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Silencing the “other” Black Paper contributors

Silencing the “other” Black Paper contributors Purpose – The purpose of this paper is to encourage re‐reading and re‐evaluation of a series of educational polemics published in the UK in the 1960s and 1970s, the Black Papers. These works proposed, for the most part, avowedly conservative views on education: condemning so‐called “progressive” teaching methods and the re‐organisation of secondary schools in the UK (especially England) into non‐selective comprehensives. It is argued, however, that much said and written about the Black Papers since has concentrated only on selected “high profile” contributors, to the neglect of other contributors, often anonymous, whose comments were sometimes more measured/thoughtful. Design/methodology/approach – The work proceeds first by re‐visiting the facts surrounding the writing of the Black Papers and their critical reception. It then analyses the nature of the contributors and describes selected essays not usually referred to when the Black Papers are discussed by historians and others. Findings – The work finds that the Black Papers are often infuriatingly and unhelpful polemical in nature but that much written about them since has concentrated only on selected contributors, ignoring others who were more measured. Originality/value – The work is perhaps the first critical re‐reading of the Black Papers in any depth in several decades. It does not simply dismiss them as hysterical rants by ill‐informed authors and suggests that they re‐pay careful attention, despite their often polemical nature. http://www.deepdyve.com/assets/images/DeepDyve-Logo-lg.png History of Education Review Emerald Publishing

Silencing the “other” Black Paper contributors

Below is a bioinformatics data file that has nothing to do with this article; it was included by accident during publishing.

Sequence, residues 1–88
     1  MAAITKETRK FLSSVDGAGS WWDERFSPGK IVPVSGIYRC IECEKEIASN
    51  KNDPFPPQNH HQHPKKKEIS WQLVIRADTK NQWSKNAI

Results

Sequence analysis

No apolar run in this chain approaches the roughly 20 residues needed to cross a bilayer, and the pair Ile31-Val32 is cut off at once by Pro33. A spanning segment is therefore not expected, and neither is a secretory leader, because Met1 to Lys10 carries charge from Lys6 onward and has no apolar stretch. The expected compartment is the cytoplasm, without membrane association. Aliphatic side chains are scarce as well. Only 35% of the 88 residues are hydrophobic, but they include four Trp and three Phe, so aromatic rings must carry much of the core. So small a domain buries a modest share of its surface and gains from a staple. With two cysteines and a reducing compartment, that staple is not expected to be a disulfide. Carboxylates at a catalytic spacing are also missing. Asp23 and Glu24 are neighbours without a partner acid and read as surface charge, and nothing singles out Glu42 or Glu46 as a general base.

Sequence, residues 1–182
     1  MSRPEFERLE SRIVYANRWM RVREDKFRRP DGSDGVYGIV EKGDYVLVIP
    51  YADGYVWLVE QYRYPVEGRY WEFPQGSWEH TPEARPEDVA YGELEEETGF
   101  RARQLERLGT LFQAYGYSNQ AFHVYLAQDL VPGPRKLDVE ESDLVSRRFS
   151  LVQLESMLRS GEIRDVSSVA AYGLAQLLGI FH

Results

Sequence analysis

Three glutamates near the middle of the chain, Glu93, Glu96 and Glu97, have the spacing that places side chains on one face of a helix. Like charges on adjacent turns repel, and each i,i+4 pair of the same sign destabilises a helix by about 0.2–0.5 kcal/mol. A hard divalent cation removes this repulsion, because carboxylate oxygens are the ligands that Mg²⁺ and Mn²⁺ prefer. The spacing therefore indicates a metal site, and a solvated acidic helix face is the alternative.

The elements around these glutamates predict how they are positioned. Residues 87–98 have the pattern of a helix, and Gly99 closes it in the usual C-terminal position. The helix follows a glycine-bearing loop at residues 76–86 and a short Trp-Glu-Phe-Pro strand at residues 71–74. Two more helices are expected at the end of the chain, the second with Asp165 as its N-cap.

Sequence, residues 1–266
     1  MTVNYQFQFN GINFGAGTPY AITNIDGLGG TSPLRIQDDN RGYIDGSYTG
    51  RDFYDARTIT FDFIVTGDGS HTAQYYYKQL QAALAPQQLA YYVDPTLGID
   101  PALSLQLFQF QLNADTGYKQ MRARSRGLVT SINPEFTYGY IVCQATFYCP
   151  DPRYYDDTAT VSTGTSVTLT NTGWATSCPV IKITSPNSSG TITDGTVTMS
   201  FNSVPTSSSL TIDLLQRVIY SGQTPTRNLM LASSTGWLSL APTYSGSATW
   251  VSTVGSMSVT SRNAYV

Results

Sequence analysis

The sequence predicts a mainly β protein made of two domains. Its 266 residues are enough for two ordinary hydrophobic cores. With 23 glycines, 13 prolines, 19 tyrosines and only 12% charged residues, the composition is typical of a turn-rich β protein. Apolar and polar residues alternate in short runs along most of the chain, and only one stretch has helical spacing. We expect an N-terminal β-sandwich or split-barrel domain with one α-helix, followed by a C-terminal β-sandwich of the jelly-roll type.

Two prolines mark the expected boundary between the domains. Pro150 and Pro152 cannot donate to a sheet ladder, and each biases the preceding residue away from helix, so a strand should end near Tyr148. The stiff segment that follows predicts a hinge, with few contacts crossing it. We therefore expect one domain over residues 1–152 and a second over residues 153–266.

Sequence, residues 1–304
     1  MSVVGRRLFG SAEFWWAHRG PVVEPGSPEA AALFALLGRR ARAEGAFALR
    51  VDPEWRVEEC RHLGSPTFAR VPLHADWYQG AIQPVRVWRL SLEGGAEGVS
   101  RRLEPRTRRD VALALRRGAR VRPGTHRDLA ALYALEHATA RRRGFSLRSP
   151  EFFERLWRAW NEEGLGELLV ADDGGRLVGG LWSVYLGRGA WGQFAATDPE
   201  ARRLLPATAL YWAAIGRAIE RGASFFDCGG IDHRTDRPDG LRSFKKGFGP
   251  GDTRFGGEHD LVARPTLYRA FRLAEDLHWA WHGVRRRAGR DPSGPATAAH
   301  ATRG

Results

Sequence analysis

History of Education Review , Volume 41 (1): 14 – Jun 22, 2012

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Publisher
Emerald Publishing
Copyright
Copyright © 2012 Emerald Group Publishing Limited. All rights reserved.
ISSN
0819-8691
DOI
10.1108/08198691211235572
Publisher site
See Article on Publisher Site

Abstract

Purpose – The purpose of this paper is to encourage re‐reading and re‐evaluation of a series of educational polemics published in the UK in the 1960s and 1970s, the Black Papers. These works proposed, for the most part, avowedly conservative views on education: condemning so‐called “progressive” teaching methods and the re‐organisation of secondary schools in the UK (especially England) into non‐selective comprehensives. It is argued, however, that much said and written about the Black Papers since has concentrated only on selected “high profile” contributors, to the neglect of other contributors, often anonymous, whose comments were sometimes more measured/thoughtful. Design/methodology/approach – The work proceeds first by re‐visiting the facts surrounding the writing of the Black Papers and their critical reception. It then analyses the nature of the contributors and describes selected essays not usually referred to when the Black Papers are discussed by historians and others. Findings – The work finds that the Black Papers are often infuriatingly and unhelpful polemical in nature but that much written about them since has concentrated only on selected contributors, ignoring others who were more measured. Originality/value – The work is perhaps the first critical re‐reading of the Black Papers in any depth in several decades. It does not simply dismiss them as hysterical rants by ill‐informed authors and suggests that they re‐pay careful attention, despite their often polemical nature.

Journal

History of Education ReviewEmerald Publishing

Published: Jun 22, 2012

Keywords: Educational debate; England; 1960s‐1970s; Progressive education; Comprehensive schools; Black Papers; United Kingdom; Education

References